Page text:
August Twenty-Nineth

This week on the farm I am reminded of how much farming is like athletics.  There is a physical and emotional stamina required to make it through a long day on the farm filled with lifting, bending, kneeling, tossing, catching, clipping and chatting.  The harvest is getting heavier this time of year and we are hauling it in and filling up our storage bins.  This continual physicality also requires a good amount of emotional and mental stamina. 

While hauling heavy bags of sweet corn in the hot sun to the truck, I was reminded of my days as an athlete.  As a school kid I played soccer, swam on a competitive swim team, played a bit of basketball and volleyball and then ran cross country in high school.  My days in sports prepared me well for my days on the farm.  I remember swimming laps and running the track and making lap after lap around the soccer field.  I remember not loving every moment of it and the feeling of pushing my body to discover what it was capable of.  It wasn’t until later in life (as with many lessons in life) the true value of this perseverance became apparent to me. 

Doing hard things makes our bodies and minds stronger.  Later we discover that we have also developed character from our experiences of doing hard things.  The most rewarding and satisfying of all of our achievements are earned from crossing some kind of threshold beyond what is comfortable and what we are actually capable of. 

In the workplace it can be a little iffy asking people to push their comfort zone a bit.  If it was up to me, I would turn down the heat but unfortunately, I’m not in control of such things and the harvest must come in-heat or no heat.  But farm work has a way of drawing in those who are up for a bit of a challenge and like to step outside their comfort zone a bit. In the heat this week we talked about the Wim Hoff method and the said health benefits of exposing our bodies to heat and cold and temperature fluxuations.  We worked through a little heat this week and it was uncomfortable at times.  Most of us were up for a little challenge and most days we were able to end the day sitting on our bums cleaning garlic or onions for a ‘cool down’ the last hour or two of the day.  Keeping water bottles topped off was key to surviving the heat!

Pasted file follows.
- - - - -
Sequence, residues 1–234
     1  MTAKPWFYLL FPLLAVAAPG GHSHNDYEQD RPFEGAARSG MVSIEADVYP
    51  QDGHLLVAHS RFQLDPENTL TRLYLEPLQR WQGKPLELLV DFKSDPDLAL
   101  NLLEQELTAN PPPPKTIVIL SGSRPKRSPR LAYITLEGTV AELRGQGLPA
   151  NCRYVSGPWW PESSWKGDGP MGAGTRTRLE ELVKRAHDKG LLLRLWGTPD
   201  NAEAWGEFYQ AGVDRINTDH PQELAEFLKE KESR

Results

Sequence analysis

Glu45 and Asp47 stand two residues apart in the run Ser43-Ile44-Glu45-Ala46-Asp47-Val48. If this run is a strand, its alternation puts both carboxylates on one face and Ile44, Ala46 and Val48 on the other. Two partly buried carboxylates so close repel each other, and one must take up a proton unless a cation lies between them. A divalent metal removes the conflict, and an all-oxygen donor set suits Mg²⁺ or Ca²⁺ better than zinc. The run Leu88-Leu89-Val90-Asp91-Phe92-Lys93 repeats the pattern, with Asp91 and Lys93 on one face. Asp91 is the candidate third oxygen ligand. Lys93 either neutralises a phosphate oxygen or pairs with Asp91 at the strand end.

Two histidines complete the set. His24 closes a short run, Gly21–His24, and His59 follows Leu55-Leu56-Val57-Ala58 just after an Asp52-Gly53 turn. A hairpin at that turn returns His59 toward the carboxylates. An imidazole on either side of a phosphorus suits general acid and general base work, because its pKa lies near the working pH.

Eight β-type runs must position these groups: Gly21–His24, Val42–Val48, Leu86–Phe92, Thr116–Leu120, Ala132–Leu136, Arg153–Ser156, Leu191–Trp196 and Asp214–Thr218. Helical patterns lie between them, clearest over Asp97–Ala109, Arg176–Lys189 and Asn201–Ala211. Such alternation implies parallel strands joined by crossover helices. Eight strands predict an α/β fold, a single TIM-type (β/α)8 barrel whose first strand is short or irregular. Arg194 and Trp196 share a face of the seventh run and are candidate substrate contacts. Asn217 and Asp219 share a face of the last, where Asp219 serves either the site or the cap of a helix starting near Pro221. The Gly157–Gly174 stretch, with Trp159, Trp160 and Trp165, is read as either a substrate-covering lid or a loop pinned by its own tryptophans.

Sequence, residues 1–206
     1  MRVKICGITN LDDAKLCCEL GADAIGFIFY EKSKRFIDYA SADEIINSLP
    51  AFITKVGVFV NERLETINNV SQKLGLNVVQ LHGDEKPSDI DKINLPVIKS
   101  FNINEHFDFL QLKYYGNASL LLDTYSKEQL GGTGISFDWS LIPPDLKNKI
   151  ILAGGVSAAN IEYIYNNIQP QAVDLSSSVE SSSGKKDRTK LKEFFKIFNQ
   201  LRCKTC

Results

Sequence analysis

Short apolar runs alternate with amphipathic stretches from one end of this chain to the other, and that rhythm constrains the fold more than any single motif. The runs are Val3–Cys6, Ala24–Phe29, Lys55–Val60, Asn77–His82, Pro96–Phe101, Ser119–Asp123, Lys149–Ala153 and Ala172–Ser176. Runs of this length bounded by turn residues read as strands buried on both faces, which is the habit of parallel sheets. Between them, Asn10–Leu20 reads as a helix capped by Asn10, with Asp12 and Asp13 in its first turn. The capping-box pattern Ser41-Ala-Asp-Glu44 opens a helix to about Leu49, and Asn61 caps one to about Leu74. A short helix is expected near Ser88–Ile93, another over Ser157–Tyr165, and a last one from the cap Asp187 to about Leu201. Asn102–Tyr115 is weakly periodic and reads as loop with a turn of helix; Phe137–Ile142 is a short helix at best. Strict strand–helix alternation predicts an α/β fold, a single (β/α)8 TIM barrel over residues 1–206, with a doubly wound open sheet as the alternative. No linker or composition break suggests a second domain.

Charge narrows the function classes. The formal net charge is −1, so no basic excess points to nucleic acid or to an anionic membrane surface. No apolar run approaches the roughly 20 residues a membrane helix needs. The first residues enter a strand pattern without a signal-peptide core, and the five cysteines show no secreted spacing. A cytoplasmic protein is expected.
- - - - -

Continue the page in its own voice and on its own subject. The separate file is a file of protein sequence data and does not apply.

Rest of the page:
I have always loved the athleticism of organic vegetable farming.  I love that my workout is built into my work day.  I love that I can eat whatever I want whenever I want.  I love that I sleep like a log and I have a deep sense of satisfaction at the end of the work day that I have done something meaningful with my energy. 

While I do love the physicality of farming, we are always thinking about ways to work smarter and not harder.  We love to use machines whenever and wherever we can to be as efficient as possible.  No one can sustain hard physical labor every day all day.  Many wonderful machines have made our lives so much easier, and we are interested in keeping our workers sticking around and not burning them out!   I feel like there is a nice balance here on the farm of working hard and a big enough crew that we can all take turns being the ambitious ones for certain harvests. 

Now, bring on the breezy, cool, 70-degree days of Fall!  I’m ready!  A little rain mixed in would be wonderful! 

What’s in the Box?

Tomatoes-  7 Whopping pounds of tomatoes!  A reminder to remove your tomatoes from the bag and allow them to air out and sit at room temperature outside of the plasitic bag.  A wide variety of tomatoes to share, pink, yellow, red, and ‘black’ heirlooms, red slicers, romas, we grow it all!  This was the first picking and we’re so excited to be back in the tomato patch picking tomatoes again this year to share with you!  Tomatoes love 50 degree storage temps.  We pick any tomato with a ‘blush’ which means any amount of color that it has started to turn, we pick em.  They still qualify as ‘vine ripened’ tomatoes even when we do it this way.  If we picked every tomato when it was 100% ripe, you would instead receive tomato sauce in your boxes, and that gets messy!  We highly recommend not putting tomatoes in the refrigerator as refrigerators tend to suck flavor out of tomatoes.  For maximum flavor and enjoyment, allow them to sit on your counter to ripen and promptly use up once ripe!